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Impact Stories

  • “The research team analyzed our soils, then provided us with quinoa, barley, and wheat seeds. They then conducted several training events. The seeds produced high yields, which was unprecedented on our farms,” says Nady, a local farmer from Suez.

    Egyptian farmers pin high hopes on biosaline agriculture

     “Agriculture is our wisest pursuit,” wrote Thomas Jefferson to George Washington in 1787. 300 years later, Jefferson’s words seem more relevant than ever.

  • According to Mr. Youness Jnaoui from UM6P, their research efforts have so far been successful.

    Moroccan rural women come together to create quinoa value chain link

    At first glance Mrs. Hafida El Filahi, Mrs. Kenza Laghchaoud and Ms. Fatiha Rostan look no different from any other rural women in Morocco. They live in a far-away area called Bourrous in Rehamna Province, about 320 km from Morocco's capital of Rabat, and lead a mundane country lifestyle, looking after their households. But that is what appears on the surface. Unlike most of the rural women in the country, they are more independent and proactive in many ways. Above all, they enjoy a degree of financial independence and can support their families.

  • Another winner of the grant Dr. Amani Bchir, a research associate at the Olive Tree Institute, University of Sfax, Tunisia, who worked with Dr. David Mulla from the University of Minnesota, says: “It was a good opportunity for me as a woman researcher from North Africa to receive this grant."

    Helping Arab women scientists achieve more

    A joint research grant program by the International Center for Biosaline Agriculture (ICBA) and CRDF Global, launched in October 2016, is helping four Arab women scientists to conduct advanced research in collaborat

  • As part of the projects, Abdulrady also regularly attended farmer field schools (or field training programs for farmers). In 2013 alone, eight farmer field schools were conducted benefiting many farmers like Abdulrady.

    How quinoa is changing farmers’ lives in Egypt’s salt-affected areas

    Agriculture accounts for a large part of Egypt’s gross domestic product. In 2018 it contributed around 11.2 percent to the country’s economy, totaling some 13.2bn USD. As important as it is, however, the sector is still faced with many problems.

  • Placing his grandson on his shoulder, Adylbek leads us to the field. In the beginning of August, he planted pearl millet and sorghum to use for green mass in winter. His grandson, three-year-old Magjan named after a famous Kazakh poet, insists on him going to other fields too so that we take photos of him with watermelon. Adylbek follows the toddler’s request. “His parents have just departed for Kazakhstan, that’s why the child is distressed,” he justifies.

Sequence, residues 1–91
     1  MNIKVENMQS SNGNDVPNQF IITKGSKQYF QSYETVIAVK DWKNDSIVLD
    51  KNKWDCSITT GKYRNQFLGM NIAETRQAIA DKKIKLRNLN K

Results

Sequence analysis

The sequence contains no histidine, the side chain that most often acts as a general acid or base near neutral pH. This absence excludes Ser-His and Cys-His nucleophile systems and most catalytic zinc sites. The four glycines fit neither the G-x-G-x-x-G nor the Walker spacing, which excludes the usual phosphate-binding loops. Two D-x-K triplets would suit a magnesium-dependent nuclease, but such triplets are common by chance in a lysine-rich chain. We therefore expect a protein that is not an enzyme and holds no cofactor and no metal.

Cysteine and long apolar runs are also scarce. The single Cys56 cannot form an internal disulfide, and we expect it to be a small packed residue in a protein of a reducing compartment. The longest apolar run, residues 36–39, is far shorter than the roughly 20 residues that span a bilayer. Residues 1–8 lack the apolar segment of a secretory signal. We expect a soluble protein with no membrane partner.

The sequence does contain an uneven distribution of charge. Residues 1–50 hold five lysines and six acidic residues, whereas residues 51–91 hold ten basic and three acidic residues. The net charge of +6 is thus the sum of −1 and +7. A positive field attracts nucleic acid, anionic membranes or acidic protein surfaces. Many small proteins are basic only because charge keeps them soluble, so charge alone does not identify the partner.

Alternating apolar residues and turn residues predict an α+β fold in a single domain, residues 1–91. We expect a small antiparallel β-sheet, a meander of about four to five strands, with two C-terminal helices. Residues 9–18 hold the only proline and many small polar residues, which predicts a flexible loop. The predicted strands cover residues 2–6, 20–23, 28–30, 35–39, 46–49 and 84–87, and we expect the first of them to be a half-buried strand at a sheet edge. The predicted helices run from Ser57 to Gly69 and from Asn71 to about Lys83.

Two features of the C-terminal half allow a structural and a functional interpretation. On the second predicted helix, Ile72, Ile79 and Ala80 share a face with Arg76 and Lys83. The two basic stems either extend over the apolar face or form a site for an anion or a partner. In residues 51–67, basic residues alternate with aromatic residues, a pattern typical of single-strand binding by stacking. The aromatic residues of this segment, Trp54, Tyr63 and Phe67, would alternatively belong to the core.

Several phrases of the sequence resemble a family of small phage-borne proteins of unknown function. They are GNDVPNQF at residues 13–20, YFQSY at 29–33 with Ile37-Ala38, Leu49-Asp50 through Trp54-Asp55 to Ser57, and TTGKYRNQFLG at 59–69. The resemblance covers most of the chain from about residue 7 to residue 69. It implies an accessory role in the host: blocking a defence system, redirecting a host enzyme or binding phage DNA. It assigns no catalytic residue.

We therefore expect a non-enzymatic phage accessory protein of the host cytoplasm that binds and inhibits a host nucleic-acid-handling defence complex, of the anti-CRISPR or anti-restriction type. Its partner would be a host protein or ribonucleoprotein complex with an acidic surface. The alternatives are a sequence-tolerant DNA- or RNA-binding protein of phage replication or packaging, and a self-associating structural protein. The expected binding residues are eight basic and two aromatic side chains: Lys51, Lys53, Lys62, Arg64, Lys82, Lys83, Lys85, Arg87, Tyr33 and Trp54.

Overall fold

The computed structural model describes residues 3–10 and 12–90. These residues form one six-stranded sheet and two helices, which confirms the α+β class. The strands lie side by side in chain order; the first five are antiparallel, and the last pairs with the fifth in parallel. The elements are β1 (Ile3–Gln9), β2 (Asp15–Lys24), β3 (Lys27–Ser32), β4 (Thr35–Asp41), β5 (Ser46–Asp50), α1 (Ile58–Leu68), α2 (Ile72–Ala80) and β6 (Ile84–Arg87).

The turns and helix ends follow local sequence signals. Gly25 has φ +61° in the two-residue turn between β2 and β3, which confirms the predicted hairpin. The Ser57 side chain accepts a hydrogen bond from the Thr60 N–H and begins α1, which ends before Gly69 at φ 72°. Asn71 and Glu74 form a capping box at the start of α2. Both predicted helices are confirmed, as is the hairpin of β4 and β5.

Farming in Uzbek desert

    Despite the warnings about unbearable summer heat in the desert, Kyzylkum welcomed us with lovely warm weather and soothing silence.

  • With a changing climate, the introduction of crops resistant to drought and salinization has become a priority in the country to ensure food security and boost agricultural productivity.

    Tajik farmers look at pearl millet for food, forage production

    With only 7 percent of agricultural land, Tajikistan is a mountainous country situated at the heart of Central Asia. The majority of its arable land is irrigated, and cotton remains an important cash crop.

  • He returned to pursue a project started by his father more than 18 years ago. The Bedouin resettlement project aimed to encourage local people to work in agriculture.

    How biosaline agriculture is helping Bedouins settle down in Jordan

    For many years now, residents have been leaving Al Husseinyieh District in the southern Jordanian steppe due to its desert climate, barren land and scarce water.

  • The pioneer farmer who started growing quinoa in the area is 44-year-old agronomist Azamat Kaseev. His company AgroLead is a major producer of this super crop in the region. It all began in 2012 when he received first seeds of quinoa varieties "Regalona" and "Titicaca" from the Food and Agriculture Organization of the United Nations (FAO). It has taken him around five years to test and adapt the crop to local conditions.

    Kyrgyz-grown quinoa makes its way into global markets

    A few years ago no one knew about quinoa in Tong District in Kyrgyzstan’s eastern Issyk-Kul Region. But today the village of Bokonbaevo in the district is regarded as the birthplace of Kyrgyz quinoa cultivation.

  • Modular farming approaches focus on exploiting reject brine for fish farming and production of halophytes (salt-loving plants) on inland farms, and seawater and aquaculture effluents for cultivation of halophytes in coastal desert areas, bringing into production degraded or barren lands with economic benefits for local communities.

    ICBA scientists manage to increase fish biomass by 300% using reject brine

    Through an improved, cost-effective inland modular farming approach in desert environments, scientists at the International Center for Biosaline Agriculture (ICBA) have achieved one of the highest fish biomass densities of Tilapia fish (30 kg per cubic meter) compared to previous growing seasons (10 kg per cubic meter), using reject brine (waste water) from desalination units.

  • Salicornia is a salt-loving plant that can be used for food, forage and biofuel production.

    ICBA achieves progress in breaking Salicornia yield ceiling

    A team of scientists at the International Center for Biosaline Agriculture (ICBA) has made a major breakthrough in increasing yield potential of Salicornia, a multi-purpose halophyte.